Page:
Yoga with no $dough(ga)$

Making a yoga practice affordable isn’t easy for a variety of reasons, but in my quest to do so while underemployed is coming along. Here are some of the methods I’m using, along with pros and cons:

METHOD #1: Practice at home with free internet videos

Pros: FREEEEEEEE internet videos! All that’s needed is a mat and a strong wifi connection.

Cons: Motivation to begin is dangerously low, space may be an issue (our apartment is hilariously small,) and I’ve yet to find a challenging power yoga video online.

Conclusions: This method is great for beginners who are just starting a practice and don’t want to exercise outside in the cold.

METHOD #2: Community Classes


Pros: Studios with community classes often collect donations for a worthy cause instead of a class fee – so you feel like you’re doing something good with your yoga, and it’s a pay-what-you-can deal, instead of the usual $15-20 per class.

Cons: Can become very crowded – just go early.

Conclusions: If a good studio or gym offers a community class, go. Not only will you be getting a great teacher and a heated classroom, you’ll do some good with your pocket change. Check the schedules (usually on the websites) to see when these classes are offered.

METHOD #3: Groupon/Living Social Yoga Deals


Pros: You can get punch passes or monthly passes for a fraction of the usual cost on sites like groupon or living social by signing up for their daily deals. Just look for the pictures of white girls wrapping a tape measure around their waists – groupon loves those.

Cons: Be careful – although you’re not paying much, you can waste your money pretty easily here by buying a pass to a yoga studio that is subpar. It’s true that bad yoga is better than no yoga, but it’s really not much better – for example, I found myself in a class recently where the room was actually cold and the most challenging pose we did was cat-cow.

Cat, Cow, Child’s Pose

Conclusion: Maybe cat-cow is your thing! Just know what you’re getting yourself into before you buy. If you can, call the studio or even visit to look at the space, meet an instructor or two, and ask the students about the classes. I’ve fallen into this trap and learned the hard way an embarrassing amount of times, but I vow to follow my own advice on this one from now on!

METHOD #4: Class Trades


Pros: Most studios offer free classes to people who’ve agreed to come half an hour before and stay half an hour after to clean, do laundry, organize, and help with registrations. Sweet, free yoga!

Cons: It’s a good gig if you can get it: these are often very difficult, if not impossible, to arrange. Even if you have a great rapport with the studio owner and teachers, attend classes there regularly, ask a variety of people multiple times about trades, have signed up for their studio’s teacher training, (no bitterness here!) they’ll often just ignore you. This isn’t based on one experience with a studio: this is my experience with many studios in Nashville.

Conclusion: Just keep plugging along. With many studio classes so outrageously priced, doing even one trade a week is worth it. And you might just find that the one that says yes is just the right one for you (like I did!).

METHOD #5: Retail Promotions


Pros: In Nashville at least, Lululemon offers complementary classes at a variety of studios or even in the store free of charge.

Cons: Just like with the Groupon/Living Social method, consistency is an issue, although unlike group deals, you don’t lose your money if you find yourself in a class with minimal fitness benefits. Also, you risk putting yourself in a high-pressure sales situation.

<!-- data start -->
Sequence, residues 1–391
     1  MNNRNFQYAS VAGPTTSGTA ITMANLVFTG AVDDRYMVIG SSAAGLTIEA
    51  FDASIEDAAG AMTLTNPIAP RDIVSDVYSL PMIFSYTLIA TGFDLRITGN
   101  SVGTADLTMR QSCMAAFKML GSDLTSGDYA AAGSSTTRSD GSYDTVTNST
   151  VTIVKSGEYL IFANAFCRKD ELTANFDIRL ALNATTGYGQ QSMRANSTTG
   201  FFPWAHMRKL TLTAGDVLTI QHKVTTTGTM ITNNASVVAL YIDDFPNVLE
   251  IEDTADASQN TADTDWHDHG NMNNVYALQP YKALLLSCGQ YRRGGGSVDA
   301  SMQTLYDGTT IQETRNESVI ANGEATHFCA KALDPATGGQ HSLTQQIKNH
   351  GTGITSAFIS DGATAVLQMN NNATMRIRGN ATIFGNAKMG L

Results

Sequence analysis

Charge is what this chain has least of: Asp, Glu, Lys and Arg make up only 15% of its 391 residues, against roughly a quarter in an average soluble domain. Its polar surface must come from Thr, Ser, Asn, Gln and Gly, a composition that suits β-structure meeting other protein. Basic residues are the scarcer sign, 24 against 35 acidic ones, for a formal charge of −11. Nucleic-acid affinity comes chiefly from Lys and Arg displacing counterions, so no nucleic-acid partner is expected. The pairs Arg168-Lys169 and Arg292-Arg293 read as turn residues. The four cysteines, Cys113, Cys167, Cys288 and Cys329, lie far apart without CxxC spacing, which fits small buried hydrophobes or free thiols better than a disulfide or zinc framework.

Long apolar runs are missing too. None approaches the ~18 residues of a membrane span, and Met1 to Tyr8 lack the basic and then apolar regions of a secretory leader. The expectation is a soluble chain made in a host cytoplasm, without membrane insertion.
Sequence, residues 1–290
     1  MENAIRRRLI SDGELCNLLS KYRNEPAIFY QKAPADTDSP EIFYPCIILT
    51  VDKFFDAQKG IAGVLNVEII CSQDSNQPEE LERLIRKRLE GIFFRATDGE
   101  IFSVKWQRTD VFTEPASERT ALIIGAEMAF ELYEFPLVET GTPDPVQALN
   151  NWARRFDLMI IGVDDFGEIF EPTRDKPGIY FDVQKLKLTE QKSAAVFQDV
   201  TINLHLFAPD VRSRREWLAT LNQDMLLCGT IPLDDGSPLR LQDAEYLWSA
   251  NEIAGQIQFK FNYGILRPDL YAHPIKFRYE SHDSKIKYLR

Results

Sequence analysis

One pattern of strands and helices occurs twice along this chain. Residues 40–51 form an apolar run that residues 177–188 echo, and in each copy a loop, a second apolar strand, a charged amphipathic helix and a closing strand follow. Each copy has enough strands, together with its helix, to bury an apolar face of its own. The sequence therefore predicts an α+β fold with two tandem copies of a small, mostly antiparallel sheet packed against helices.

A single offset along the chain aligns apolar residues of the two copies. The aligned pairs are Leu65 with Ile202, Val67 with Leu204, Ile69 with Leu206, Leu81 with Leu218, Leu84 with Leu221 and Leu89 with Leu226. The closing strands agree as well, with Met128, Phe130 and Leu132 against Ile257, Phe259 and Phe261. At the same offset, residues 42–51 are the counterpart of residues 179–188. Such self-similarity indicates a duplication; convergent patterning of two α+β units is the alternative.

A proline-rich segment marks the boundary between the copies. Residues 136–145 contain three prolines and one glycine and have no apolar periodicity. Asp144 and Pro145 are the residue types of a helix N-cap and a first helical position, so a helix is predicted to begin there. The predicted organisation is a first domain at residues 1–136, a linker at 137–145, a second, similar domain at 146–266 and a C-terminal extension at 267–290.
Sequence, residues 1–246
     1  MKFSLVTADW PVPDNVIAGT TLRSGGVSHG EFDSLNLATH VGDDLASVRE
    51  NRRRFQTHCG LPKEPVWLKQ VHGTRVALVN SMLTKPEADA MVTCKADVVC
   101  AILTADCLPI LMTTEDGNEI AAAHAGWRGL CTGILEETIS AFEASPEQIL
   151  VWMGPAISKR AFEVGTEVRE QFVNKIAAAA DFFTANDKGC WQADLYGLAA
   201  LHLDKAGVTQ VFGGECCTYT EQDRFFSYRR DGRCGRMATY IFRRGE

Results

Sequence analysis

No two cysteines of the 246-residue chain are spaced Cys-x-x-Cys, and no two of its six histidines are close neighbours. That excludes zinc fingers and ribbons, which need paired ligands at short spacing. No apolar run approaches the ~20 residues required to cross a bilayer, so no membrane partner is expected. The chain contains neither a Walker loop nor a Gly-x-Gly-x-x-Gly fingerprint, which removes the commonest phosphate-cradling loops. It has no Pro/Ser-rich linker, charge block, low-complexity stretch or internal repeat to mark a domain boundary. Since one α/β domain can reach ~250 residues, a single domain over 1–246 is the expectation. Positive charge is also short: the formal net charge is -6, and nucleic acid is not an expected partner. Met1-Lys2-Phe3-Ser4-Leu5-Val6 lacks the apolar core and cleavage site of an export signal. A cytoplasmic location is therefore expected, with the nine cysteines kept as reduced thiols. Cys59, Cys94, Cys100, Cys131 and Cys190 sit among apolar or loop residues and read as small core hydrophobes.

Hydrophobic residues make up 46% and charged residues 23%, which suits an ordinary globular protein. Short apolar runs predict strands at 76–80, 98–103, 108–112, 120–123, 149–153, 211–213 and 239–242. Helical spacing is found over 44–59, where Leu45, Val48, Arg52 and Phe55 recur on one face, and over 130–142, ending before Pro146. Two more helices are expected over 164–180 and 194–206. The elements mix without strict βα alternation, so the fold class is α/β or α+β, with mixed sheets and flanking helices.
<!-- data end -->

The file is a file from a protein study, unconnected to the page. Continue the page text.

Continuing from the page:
Conclusions: The end of the sales pitches can be awkward, but if you’re shameless about your broke-as-a-joke lifestyle, honest with the staff, and maintain a sense of humor when they look you up and down and tell you things like, “You know, sometimes it’s necessary to make sacrifices for your body,” (“You’re right – who needs groceries, anyway?!”) then you’ll be fine. Sign up for facebook updates for various studios, gyms, and athletic retail stores for reminders and updates.

Method #6: New Student Promotions


Pros: Lots of studios offer excellent promotions for new students (for example, Shakti Power Yoga in Nashville offers new students 30 days for $30). Often, you don’t know until you ask.

Cons: If you’ve got little financial resources to invest, hopefully you at least have some time, because to take advantage of a new student promotion is to race against the clock. Time will run out and soon you won’t be able to get this rate again.

Conclusions: These can be great – just use these strategically. For example, If you know you’ll be out of town one week or you’ve got a big work or personal event that will take most of your time in the next month, wait a while to take advantage until you have the time to go as often as you can and get the biggest return on investment.

Although it’s ideal to try out a few studios, pick a favorite, and continue on with a membership, it’s possible to maintain a yoga practice on a budget.

What’s your favorite way to save money doing yoga? Did I miss anything? Let me know!

6 thoughts on “Yoga with no $dough(ga)$

  1. I know this one means spending a lot of money in the first place, but if you’re going to India on holiday anyway, practising yoga there is one of the cheapest ways to learn. Sivananda charges about £5 per day including all classes, food and accommodation, plus lectures about meditation and yoga philosophy. Some karma yoga is expected though.

  2. Megan, your article should be read by millions around the country! It is very timely: More and more people are discovering the benefits yoga, but as you have previously shared, many feel turned off by their first inquiries into prices. I think you could sell this article to a magazine, easily!

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